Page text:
It's not all whiskey sweats and cumstains here though. The Whigs can rock a sweet ballad like no one. "Crime Scene Part One" and "Magazine" both come in on drunken angels' wings, and Dulli's pleas approach gospel earnestness. Which leads me to Dulli's current band, The Twilight Singers. They deal almost expressly in this gossamer side of consuming self-hatred inflicted on others in the name of love. The latest dispatch from them is A Stitch in Time, a short EP that further proves Dulli's power as a songwriter by having guest singers on three of the five tracks, some of which are even cover songs. Mark "former Screaming Tree" Lanegan, who I've thought to sound like a boorish, fake-blues foghorn on his own recordings, sounds like what I want Kris Kristofferson to sound like when he utters I been thinking about you baby on Massive Attack's "Live With Me." The walls run with blood when Dulli appears in the background with his post-Axl Rose ooooh child's. It's a brilliant devastating song. The second Lanegan cover situation is a soul-magic version of "Flashback" by New Zealand's Fat Freddy's Drop. I won't pretend to be conversant with Fat Freddy's Drop's original for comparison sake, but this song is righteous, and outside New Zealand anyway, unmistakably theirs.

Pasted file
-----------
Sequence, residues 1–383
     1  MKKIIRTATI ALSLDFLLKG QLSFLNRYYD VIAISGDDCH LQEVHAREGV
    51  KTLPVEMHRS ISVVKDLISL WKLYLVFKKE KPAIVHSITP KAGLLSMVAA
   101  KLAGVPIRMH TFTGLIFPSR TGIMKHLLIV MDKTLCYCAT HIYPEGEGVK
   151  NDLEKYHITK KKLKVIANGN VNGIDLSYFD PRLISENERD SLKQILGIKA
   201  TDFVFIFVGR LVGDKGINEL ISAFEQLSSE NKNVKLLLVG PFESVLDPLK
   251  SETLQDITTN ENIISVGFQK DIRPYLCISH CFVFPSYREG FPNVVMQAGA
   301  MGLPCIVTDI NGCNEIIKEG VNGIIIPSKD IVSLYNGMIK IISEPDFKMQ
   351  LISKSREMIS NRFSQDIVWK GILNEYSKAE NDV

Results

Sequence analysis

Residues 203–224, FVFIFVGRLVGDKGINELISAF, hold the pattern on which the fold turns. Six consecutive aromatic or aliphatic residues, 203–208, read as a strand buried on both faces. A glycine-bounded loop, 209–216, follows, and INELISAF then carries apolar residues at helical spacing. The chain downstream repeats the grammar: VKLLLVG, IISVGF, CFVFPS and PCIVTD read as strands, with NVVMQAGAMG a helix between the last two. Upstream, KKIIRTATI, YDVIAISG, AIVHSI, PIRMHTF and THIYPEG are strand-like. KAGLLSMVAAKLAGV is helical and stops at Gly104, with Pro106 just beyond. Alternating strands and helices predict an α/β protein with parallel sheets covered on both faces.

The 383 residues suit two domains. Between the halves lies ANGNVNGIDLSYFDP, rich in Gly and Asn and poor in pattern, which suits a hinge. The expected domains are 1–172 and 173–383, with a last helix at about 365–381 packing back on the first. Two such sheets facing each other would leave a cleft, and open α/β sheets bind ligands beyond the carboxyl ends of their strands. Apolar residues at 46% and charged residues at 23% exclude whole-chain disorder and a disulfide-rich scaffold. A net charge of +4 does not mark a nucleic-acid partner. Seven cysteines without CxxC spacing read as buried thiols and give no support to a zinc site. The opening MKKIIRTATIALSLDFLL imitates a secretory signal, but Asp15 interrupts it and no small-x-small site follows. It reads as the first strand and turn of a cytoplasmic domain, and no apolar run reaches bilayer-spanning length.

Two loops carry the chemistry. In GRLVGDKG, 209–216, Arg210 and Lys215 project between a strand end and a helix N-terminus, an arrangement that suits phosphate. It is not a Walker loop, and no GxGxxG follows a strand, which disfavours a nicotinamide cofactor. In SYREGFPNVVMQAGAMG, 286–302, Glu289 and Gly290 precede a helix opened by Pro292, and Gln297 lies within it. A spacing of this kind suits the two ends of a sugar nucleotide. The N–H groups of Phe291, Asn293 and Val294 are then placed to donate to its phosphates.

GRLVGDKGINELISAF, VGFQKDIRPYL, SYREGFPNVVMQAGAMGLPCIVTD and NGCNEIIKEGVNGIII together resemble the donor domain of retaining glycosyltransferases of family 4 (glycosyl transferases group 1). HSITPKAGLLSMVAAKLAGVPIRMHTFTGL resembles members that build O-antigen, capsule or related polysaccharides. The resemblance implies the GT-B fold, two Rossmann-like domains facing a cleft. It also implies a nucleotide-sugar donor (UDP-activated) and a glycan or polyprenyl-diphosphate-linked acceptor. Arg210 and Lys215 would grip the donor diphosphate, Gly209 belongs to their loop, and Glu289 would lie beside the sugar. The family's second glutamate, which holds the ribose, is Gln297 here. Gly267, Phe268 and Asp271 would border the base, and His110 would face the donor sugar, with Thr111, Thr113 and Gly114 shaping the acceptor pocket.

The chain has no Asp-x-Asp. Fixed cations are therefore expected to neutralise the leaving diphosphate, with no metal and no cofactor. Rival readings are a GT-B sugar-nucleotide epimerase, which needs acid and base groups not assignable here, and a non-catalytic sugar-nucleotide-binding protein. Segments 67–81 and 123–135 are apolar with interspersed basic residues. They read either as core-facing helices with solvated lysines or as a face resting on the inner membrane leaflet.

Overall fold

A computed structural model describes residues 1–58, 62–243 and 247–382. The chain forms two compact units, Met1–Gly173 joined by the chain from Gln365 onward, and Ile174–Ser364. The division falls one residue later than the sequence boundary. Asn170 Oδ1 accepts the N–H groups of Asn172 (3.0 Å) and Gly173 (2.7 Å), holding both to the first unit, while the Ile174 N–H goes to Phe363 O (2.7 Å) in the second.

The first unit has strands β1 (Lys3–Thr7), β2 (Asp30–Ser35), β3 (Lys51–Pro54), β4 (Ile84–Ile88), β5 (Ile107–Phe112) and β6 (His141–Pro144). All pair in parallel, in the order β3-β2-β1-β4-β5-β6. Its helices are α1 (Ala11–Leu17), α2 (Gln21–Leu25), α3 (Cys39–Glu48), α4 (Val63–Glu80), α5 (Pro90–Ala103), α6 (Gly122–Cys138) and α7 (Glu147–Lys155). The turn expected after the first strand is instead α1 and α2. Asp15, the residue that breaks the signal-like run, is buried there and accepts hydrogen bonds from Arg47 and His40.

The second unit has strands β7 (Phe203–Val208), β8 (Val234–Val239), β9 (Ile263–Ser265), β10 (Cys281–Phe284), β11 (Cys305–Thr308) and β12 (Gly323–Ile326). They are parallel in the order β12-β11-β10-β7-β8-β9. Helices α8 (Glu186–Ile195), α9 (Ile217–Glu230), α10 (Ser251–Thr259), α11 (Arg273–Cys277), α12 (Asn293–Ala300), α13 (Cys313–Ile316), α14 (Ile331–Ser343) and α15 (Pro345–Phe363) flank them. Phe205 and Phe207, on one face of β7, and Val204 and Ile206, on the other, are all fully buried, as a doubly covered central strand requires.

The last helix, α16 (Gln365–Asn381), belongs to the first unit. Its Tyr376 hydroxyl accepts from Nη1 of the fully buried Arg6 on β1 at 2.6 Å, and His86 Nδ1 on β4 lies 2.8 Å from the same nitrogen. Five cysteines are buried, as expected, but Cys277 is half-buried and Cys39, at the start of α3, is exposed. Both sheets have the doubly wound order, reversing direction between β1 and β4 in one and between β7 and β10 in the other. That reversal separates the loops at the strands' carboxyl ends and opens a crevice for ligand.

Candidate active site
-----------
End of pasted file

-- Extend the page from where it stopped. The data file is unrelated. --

Dulli collaborated with another singer I generally get nothing from, Joseph Arthur - a guy I would describe as no Rufus Wainwright and possibly not even a Jack Johnson, on "Sublime" and coaxed a rather serviceable AOR hit out of it. I still wish, based on the success of the aforementioned songs that he had instead turned ol' Tree Screamer loose on "The Pina Colada Song" but this is a sweet little number.

The originals, bearing the master's voice are just as fine. "They Ride" sounds more like an Afghan Whigs song, with its beat pounded like a tenderloin and Dulli's jive talk, but eh, I'm cool with that. "The Lure Would Prove Too Much" is the real jewel though. Dulli glows in the slow burn filigree around him, his inner diva unleashed. The corniest trick in the book, placing an answering machine message into the threads of the song is employed here with a showman's aplomb. And this is why he is needed in my life. I can easily get caught up in the shitty indie game of competitive fecklessness and forget that songs are meant to be capital-S Sung, muthafucker, and it takes someone man enough to admit he is both a demon and a Diana Ross worshiper to do it.

Alex V. Cook
Music Editor

Alex V. Cook listens to everything and writes about most of it. His latest book, the snappily titled Louisiana Saturday Night: Looking for a Good Time in South Louisiana's Juke Joints, Honky-Tonks, and Dance Halls is an odyssey from the backwoods bars and small-town dives to the swampside dance halls and converted clapboard barns of a Louisiana Saturday Night. Don't leave Heathrow without it. His first book Darkness Racket and Twang is available from SideCartel. The full effect can be had at alex v